Liberal Leader David Swann called for the new disability advocate to be an independent officer of the legislature, such as the children’s advocate, rather than reporting to the minister. The new position is akin to the existing health advocate, seniors advocate and mental health patient advocate posts.
Alberta Liberal Leader Dr. David Swann seeks to amend Bill 205 to establish the Advocate for Persons with Disabilities as an independent officer of the legislature.
“This bill is well-intentioned, but having an advocate report to the minister reduces the office’s independence and makes its budget subject to ministerial whim,” says Swann. “A truly independent officer will have a budget set by an all-party committee and report directly to the Assembly.”
Bill 205, Advocate for Persons with Disabilities Act, proposes the creation of an advocate’s office similar to the Health, Seniors, and Mental Health Patient Advocates, all of whom report to a minister and whose funding is determined by ministry officials.
In the past, this has led to the advocates being unable to fulfill their mandates due to lack of resources. For example, in the 2014-15 Annual Report, the Alberta Mental Health Advocate explicitly stated, “The past year posed challenges to fulfill our legislative mandate in a timely manner. This was largely due to the loss of a position and the subsequent reassignment of duties, along with the Government of Alberta’s restraint measures. It had a direct impact on the number of Albertans we served and the comprehensiveness of our investigations” (pg. 4).
Instead, Swann envisions the disabilities advocate having an expanded role similar to that of the Child and Youth Advocate. This move has the support of stakeholders such as Inclusion Alberta and Calgary’s Disability Action Hall, both of whom are also proposing the creation of an independent advocate.
Swann gave notice of his intention to amend the bill, and requested he be allowed to proceed first in the debate for procedural reasons. However, the NDP did not consent. Now in order for Swann to amend the bill, the Minister of Community and Social Services must withdraw his own pre-emptive amendment, which was moved prior to Swann’s proposal.
“I certainly hope that Minister Sabir and the NDP government do the right thing and consider establishing the Advocate for Persons with Disabilities as an independent officer of the legislature,” says Swann. “That is what Albertans I’ve talked to want and expect.”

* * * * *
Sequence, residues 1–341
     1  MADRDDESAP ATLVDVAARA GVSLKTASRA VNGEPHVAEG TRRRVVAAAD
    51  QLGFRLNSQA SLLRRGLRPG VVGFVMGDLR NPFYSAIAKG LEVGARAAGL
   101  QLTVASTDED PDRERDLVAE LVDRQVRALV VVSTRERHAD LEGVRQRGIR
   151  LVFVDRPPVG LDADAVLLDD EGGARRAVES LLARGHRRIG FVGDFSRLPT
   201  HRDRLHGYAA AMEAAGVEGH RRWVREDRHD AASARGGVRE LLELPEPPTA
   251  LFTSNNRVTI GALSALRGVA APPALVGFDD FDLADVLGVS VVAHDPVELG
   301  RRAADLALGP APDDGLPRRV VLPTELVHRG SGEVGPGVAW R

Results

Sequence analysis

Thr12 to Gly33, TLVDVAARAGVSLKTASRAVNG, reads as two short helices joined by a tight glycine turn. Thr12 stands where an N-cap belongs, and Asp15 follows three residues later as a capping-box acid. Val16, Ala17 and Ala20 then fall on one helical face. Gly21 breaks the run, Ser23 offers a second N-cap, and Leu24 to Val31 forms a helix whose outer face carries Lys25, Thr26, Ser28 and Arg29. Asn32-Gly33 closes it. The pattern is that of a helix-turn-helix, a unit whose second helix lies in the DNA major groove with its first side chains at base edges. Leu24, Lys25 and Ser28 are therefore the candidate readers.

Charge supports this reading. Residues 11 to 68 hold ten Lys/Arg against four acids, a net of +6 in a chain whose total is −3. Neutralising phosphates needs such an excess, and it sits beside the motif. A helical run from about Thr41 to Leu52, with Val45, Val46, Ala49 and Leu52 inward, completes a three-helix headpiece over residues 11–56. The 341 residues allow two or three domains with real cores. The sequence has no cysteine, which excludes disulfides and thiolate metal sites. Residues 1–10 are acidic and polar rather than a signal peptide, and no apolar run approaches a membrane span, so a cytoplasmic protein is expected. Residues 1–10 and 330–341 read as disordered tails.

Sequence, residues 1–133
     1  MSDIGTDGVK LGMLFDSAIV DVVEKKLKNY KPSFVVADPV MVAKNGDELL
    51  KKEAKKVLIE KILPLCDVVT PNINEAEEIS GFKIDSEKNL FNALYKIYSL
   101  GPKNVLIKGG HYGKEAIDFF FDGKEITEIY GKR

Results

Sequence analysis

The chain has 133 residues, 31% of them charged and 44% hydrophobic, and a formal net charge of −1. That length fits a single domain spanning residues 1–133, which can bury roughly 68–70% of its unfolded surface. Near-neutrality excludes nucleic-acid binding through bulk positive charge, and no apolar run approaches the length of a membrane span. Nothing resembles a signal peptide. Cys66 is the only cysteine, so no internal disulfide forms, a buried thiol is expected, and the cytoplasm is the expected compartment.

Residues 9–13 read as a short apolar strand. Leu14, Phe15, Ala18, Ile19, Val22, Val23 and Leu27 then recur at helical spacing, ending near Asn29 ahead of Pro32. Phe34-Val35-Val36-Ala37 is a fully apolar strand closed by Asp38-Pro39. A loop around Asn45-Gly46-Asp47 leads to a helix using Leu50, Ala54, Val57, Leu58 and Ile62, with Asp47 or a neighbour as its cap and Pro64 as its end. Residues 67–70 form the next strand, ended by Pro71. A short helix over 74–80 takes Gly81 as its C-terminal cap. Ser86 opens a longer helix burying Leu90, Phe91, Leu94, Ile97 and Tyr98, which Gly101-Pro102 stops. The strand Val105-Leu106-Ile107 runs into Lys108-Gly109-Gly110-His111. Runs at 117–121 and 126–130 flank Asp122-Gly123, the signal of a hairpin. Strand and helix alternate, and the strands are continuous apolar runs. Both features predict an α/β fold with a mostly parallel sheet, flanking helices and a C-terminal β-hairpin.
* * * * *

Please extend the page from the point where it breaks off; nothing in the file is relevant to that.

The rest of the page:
“”Our justice system has failed in this case,” [Swann] said Thursday. “People in Alberta who followed this for 10 years should be concerned and should be calling for more accountability of CNRL in this.””
Alberta Liberal Leader Dr. David Swann seeks to amend Bill 2 to ensure its protections apply to a broader category of survivors.
“I support the intent of this bill, but I am concerned that its protections may not be afforded to all survivors due to a technicality,” says Swann.
Bill 2, An Act to Remove Barriers for Survivors of Sexual and Domestic Violence, currently covers survivors who were either a minor, in an intimate relationship with or were dependent on the perpetrator at the time that the sexual misconduct or non-sexual assault occurred.
However, a relationship of dependency might not be an accurate description of incidences where the survivor and perpetrator(s) are co-workers with the same level of seniority, such as in a recent high-profile case of a female police officer who resigned from the Calgary Police Service after enduring years of harassment from her colleagues.
Likewise, it is unclear if dependency applies to harassment or exploitation of an adult student by a university professor or post-secondary instructor.
The bill cannot be amended to include references to co-workers since that would involve altering legislation not currently under consideration. Consequently, Swann proposes reducing the bill’s ambiguity by inserting an additional category of protection:
“the person who committed the misconduct was in a position of trust or authority in relation to the person with the claim,”
“It’s unfortunate that specific mention of co-workers and instructors was left out of the original proposal. Perhaps this is something the NDP can change in the future.” says Swann.
“In the meantime, I call on my colleagues to support my amendment to ensure more survivors are included under these important protections.”